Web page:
At their highest expression practitioners track patterns to their source, shifting them before they take form, redirecting them in regenerative directions. This is what is behind principles like “obtain a yield” or “the problem is the solution” and the reason for protracted and thoughtful observation. We learn to read energies and to find the acupuncture-like inoculation or disturbance that changes the manifestation by changing the underlying pattern. Problems are turned into solutions and provide us with yields if we can stop trying to stop or block them. This is the pattern of Regeneration.

Every permaculture technique is a small disturbance that shifts the underlying pattern and hence the system. Water-harvesting structures, rotational grazing, chicken tractors, mulching, spreading seed-balls, setting cool ground fires in rank meadows or forests, transforming spoiling milk into creamy cheese, revolving loan funds, libraries, and even the design course itself all follow this pattern. The point is to disturb brittle senescent systems to allow the emergence of the next level of evolution, even if the system is our preconceptions and habits of thought. This is at the heart of self-organizing systems and the key to effective change efforts.

In a changing world it does no good to teach a man to fish. What happens when currents or climate or communities change? It is essential to teach how to think about fishing, whatever can be fished with whatever is at hand. This is why it is called permaculture DESIGN.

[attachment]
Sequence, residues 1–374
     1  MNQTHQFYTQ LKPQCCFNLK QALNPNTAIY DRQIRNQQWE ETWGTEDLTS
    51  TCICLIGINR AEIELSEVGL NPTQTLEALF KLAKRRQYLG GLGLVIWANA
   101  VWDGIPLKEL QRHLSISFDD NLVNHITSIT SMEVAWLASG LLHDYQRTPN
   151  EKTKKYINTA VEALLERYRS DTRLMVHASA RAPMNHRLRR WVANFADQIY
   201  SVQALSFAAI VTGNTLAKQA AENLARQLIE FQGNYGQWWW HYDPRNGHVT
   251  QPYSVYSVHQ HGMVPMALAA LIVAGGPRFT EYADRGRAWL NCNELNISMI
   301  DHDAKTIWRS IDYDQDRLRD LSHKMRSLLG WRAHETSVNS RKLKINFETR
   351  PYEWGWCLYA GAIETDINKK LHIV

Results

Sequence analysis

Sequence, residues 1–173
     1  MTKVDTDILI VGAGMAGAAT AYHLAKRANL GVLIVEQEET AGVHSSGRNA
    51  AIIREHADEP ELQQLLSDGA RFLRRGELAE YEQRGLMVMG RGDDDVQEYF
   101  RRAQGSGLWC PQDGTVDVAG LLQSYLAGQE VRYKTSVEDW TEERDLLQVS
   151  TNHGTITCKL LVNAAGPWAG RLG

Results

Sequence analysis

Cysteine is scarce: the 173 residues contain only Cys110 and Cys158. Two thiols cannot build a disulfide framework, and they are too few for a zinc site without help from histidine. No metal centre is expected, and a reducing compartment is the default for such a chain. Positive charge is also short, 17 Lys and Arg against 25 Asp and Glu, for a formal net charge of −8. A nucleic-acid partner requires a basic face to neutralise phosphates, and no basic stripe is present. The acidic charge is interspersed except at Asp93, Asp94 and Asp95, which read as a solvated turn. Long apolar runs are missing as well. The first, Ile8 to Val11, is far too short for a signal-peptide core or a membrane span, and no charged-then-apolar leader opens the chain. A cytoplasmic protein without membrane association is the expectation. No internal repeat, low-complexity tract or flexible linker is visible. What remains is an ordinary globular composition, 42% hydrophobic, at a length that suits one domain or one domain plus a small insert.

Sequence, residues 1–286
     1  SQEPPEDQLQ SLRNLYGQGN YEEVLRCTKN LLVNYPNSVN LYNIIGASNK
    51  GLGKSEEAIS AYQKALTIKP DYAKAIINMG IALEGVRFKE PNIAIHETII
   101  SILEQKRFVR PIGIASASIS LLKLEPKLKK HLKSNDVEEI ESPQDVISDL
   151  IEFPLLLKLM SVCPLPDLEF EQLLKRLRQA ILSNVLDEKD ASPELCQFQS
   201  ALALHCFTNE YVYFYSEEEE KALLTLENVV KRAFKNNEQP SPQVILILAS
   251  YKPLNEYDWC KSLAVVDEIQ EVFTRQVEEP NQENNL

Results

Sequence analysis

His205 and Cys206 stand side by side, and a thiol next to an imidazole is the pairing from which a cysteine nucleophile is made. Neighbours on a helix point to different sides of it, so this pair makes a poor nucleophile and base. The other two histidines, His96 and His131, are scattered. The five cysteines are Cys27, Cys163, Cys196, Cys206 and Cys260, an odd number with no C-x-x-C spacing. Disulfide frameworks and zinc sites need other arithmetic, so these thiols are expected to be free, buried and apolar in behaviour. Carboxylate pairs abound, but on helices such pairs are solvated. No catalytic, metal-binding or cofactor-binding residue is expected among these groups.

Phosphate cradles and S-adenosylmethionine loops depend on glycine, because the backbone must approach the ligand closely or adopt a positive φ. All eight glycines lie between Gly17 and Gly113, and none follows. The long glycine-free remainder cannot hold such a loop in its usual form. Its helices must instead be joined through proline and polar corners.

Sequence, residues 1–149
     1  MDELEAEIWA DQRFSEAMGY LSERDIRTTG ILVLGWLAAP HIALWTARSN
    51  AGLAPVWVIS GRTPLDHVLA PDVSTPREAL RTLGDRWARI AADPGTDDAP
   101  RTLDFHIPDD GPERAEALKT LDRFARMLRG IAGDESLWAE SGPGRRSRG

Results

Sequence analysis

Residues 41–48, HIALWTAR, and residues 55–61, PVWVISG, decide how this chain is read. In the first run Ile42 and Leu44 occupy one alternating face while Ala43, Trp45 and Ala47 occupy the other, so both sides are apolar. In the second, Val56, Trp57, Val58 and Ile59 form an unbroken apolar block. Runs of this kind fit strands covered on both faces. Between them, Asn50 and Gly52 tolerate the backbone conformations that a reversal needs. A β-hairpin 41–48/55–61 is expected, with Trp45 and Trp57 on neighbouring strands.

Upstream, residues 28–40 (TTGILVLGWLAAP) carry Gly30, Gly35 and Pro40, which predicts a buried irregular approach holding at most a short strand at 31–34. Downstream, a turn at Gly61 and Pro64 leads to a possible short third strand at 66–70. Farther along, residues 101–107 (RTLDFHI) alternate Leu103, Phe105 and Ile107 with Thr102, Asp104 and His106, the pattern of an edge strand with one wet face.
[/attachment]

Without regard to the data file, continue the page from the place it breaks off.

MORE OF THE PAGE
In its highest form permaculture is not about designing anything. It is a pattern-based approach to designing systemic change efforts. This is the point of the PDC as well as all that time spent in the forest or garden. It is to learn how living systems work and how to observe them to find the effective change so that we can apply those skills to shifting the living systems most in need of shifting: human systems including how we think about the world.

Changing paradigm tops systems thinker Donella Meadows list of the most effective places to intervene in systems. To effectively change the systems that are causing global degeneration we need to change the human paradigm and we need to start by shifting our paradigm of what permaculture is. If we do not shift these larger human systems our lovely gardens and beautiful hand built homes don’t have a chance.

Although the PDC contains many techniques and ways of doing, it is about changing how we think about the world primarily. It is meant to crack our certainties about everything from agriculture to economics and how the world works. This is why so many of the principles are like a whack on the side of the head. “What do you mean the problem is the solution? Or that yield is limited only by my mind?”

If the PDC is designed to shift our paradigm, then it shows us the pattern of shifting people’s paradigms. And this is the greatest use of our skills. Not to create gardens or to train gardeners, but to shift the thinking of folks who understand business and economics, laws and governance, so that they can all be re-thought and re-worked to follow the patterns of living systems.